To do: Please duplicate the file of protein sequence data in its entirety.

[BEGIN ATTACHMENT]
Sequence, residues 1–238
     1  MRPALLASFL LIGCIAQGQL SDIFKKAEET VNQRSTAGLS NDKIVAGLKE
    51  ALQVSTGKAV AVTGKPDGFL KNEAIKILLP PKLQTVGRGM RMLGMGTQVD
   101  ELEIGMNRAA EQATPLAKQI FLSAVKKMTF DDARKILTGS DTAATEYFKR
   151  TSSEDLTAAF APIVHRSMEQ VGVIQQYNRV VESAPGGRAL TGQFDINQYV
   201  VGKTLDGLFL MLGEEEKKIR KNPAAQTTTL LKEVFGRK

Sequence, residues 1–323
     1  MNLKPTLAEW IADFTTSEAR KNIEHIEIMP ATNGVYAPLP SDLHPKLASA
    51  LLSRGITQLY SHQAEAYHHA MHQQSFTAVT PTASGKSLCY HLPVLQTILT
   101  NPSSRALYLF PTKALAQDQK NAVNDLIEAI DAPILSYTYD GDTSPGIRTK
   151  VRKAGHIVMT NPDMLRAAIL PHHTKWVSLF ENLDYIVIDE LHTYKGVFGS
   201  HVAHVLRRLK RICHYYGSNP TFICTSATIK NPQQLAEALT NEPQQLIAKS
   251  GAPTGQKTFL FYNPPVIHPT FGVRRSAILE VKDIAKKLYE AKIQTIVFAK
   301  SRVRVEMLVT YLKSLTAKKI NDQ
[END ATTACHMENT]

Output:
Sequence, residues 1–238
     1  MRPALLASFL LIGCIAQGQL SDIFKKAEET VNQRSTAGLS NDKIVAGLKE
    51  ALQVSTGKAV AVTGKPDGFL KNEAIKILLP PKLQTVGRGM RMLGMGTQVD
   101  ELEIGMNRAA EQATPLAKQI FLSAVKKMTF DDARKILTGS DTAATEYFKR
   151  TSSEDLTAAF APIVHRSMEQ VGVIQQYNRV VESAPGGRAL TGQFDINQYV
   201  VGKTLDGLFL MLGEEEKKIR KNPAAQTTTL LKEVFGRK

Sequence, residues 1–323
     1  MNLKPTLAEW IADFTTSEAR KNIEHIEIMP ATNGVYAPLP SDLHPKLASA
    51  LLSRGITQLY SHQAEAYHHA MHQQSFTAVT PTASGKSLCY HLPVLQTILT
   101  NPSSRALYLF PTKALAQDQK NAVNDLIEAI DAPILSYTYD GDTSPGIRTK
   151  VRKAGHIVMT NPDMLRAAIL PHHTKWVSLF ENLDYIVIDE LHTYKGVFGS
   201  HVAHVLRRLK RICHYYGSNP TFICTSATIK NPQQLAEALT NEPQQLIAKS
   251  GAPTGQKTFL FYNPPVIHPT FGVRRSAILE VKDIAKKLYE AKIQTIVFAK
   301  SRVRVEMLVT YLKSLTAKKI NDQ